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Chibok Girls: Five years of unfulfilled promise

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Portraits of some of the 200 Chibok schoolgirls abducted by Boko Haram Jihadists five years ago are displayed at Falomo roundabout in Lagos, on April 13, 2019. – Civil societies and rights activists have line up activities across the country to mark the April 14, 2014 abduction of 276 schoolgirls from the Government Girls Secondary School at the remote town of Chibok in Borno State, northeastern Nigeria, which brought global attention to the conflict that has left more than 27,000 people dead since the Boko Haram conflict began in 2009. (Photo by PIUS UTOMI EKPEI / AFP)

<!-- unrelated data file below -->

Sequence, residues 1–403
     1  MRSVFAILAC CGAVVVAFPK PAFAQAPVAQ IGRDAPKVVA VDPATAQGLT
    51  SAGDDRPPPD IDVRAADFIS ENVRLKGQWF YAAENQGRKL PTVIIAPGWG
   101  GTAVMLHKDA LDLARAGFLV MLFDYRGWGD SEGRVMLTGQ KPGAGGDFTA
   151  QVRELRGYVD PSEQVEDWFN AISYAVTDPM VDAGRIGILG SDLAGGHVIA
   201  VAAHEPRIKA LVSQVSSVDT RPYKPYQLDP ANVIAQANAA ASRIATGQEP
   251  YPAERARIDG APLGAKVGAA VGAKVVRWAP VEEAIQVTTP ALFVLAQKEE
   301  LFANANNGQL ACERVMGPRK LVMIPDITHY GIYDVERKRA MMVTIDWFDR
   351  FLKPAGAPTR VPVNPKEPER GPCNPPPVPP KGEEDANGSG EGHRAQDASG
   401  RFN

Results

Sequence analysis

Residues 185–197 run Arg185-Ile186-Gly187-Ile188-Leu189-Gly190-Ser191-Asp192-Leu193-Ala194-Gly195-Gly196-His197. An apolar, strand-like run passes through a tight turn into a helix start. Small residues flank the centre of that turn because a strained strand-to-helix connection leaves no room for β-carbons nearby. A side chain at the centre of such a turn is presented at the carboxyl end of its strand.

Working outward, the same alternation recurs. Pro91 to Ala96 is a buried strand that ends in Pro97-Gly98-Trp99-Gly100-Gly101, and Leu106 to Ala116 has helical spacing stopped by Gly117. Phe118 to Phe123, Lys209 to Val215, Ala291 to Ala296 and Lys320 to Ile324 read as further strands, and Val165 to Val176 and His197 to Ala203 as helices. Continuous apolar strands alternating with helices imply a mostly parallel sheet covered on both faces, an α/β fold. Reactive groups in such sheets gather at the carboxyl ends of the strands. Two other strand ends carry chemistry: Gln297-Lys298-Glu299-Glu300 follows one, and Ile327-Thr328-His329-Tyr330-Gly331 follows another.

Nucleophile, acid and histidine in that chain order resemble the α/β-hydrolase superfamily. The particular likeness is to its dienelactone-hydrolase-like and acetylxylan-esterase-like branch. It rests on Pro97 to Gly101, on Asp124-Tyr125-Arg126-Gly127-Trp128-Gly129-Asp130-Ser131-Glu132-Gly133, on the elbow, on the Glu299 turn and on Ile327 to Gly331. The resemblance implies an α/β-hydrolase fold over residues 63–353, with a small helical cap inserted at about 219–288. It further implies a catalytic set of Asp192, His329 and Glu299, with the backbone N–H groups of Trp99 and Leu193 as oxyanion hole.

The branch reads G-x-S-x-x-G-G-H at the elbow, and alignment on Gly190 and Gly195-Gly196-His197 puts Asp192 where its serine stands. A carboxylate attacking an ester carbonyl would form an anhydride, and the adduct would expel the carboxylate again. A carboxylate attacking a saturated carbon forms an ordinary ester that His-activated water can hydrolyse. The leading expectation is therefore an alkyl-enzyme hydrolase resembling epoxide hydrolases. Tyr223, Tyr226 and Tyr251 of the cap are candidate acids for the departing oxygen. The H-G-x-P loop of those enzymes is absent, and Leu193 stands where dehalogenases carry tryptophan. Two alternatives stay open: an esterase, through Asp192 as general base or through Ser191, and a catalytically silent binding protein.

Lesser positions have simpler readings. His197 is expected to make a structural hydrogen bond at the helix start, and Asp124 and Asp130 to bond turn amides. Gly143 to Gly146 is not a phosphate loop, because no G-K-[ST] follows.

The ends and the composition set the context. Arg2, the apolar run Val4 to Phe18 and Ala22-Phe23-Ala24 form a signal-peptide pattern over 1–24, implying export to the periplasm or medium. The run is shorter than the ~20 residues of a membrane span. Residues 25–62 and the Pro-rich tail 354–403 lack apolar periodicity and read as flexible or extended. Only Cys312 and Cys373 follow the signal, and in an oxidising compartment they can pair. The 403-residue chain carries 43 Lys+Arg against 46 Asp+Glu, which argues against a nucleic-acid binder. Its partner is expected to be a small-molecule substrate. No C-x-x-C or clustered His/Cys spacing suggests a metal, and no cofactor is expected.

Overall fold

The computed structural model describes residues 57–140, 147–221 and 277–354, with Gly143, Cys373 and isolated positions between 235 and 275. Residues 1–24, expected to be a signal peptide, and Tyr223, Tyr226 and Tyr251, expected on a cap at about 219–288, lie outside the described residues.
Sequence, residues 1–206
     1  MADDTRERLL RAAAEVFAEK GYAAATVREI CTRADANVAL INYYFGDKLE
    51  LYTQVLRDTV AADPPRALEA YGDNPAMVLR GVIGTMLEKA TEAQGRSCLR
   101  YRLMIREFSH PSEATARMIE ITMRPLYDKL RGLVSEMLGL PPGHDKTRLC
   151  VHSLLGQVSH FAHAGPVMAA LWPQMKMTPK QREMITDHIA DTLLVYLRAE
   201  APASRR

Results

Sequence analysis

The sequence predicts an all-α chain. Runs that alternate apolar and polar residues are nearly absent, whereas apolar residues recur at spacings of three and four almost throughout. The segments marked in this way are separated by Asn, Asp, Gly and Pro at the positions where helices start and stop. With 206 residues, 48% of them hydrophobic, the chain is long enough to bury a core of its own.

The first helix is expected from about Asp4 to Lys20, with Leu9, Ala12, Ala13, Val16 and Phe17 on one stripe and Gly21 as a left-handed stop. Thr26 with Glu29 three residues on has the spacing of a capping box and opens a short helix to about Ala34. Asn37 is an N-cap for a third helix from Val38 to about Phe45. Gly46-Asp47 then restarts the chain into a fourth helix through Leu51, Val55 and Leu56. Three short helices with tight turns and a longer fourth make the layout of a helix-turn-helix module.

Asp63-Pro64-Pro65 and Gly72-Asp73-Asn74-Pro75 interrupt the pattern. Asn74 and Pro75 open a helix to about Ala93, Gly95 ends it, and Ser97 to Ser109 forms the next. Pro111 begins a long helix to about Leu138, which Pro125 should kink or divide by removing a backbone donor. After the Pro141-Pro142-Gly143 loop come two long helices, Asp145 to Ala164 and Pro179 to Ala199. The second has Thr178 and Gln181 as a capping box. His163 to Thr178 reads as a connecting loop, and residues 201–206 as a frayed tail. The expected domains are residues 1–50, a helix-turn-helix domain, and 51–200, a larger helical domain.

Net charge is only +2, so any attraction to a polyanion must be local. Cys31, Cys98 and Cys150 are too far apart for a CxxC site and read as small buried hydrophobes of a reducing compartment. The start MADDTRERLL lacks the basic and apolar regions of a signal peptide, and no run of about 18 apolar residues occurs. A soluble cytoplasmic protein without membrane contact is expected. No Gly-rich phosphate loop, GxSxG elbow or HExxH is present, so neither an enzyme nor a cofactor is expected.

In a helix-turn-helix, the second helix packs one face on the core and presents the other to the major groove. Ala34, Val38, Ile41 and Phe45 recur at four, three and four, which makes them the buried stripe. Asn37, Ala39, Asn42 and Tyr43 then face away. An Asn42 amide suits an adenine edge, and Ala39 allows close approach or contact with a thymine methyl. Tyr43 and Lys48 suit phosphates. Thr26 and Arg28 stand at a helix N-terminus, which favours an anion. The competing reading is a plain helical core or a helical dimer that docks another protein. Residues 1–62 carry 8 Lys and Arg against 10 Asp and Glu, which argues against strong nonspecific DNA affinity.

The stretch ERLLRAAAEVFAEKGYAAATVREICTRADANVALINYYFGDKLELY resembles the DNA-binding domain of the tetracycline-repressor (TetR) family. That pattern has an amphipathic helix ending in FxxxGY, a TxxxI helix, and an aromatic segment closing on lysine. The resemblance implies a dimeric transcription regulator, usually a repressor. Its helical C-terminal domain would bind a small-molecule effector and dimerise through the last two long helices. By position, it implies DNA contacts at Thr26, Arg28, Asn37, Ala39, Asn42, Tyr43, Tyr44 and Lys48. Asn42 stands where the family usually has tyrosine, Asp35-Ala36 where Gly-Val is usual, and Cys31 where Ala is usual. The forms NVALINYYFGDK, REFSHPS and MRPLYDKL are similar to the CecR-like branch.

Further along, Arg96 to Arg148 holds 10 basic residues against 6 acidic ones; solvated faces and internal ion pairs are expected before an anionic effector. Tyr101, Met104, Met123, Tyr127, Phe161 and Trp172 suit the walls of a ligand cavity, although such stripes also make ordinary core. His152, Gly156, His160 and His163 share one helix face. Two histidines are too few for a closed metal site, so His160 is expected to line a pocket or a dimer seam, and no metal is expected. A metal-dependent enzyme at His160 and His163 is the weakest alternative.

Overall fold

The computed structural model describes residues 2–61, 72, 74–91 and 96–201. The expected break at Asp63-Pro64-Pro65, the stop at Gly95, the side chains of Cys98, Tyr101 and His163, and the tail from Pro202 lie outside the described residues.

The story of the ‘Chibok Girls,’ which has curiously migrated from anxiety to sorrow, has now reached a denouement – of fear and gloom after five years of inconclusive recovery by state authorities. And this sad story has been compounded lately by a Dapchi Girl, Leah Sharibu whose story too has become another promise unfulfilled.

The abductors of the Chibok and Dapchi school girls, commonly referred to as Boko Haram terrorists had terrorised the north-eastern part of Nigeria since 2009, and had kidnapped many girls and women before in the region. But the impact of their activities on women and girls garnered significant worldwide attention with the Chibok and Dapchi school girls incidents in 2014 and 2018 respectively.

Although, it is like they happened yesterday, it is half a decade since Chibok made history in the world map with the kidnap of 276 students from the Government Girls Secondary School. This deplorable and devastating act of structural violence, which took place on the night of April 14, 2014, sparked global outrage and a celebrity-backed campaign #bringbackourgirls, by the Bring Back Our Girls (BBOG) campaigners.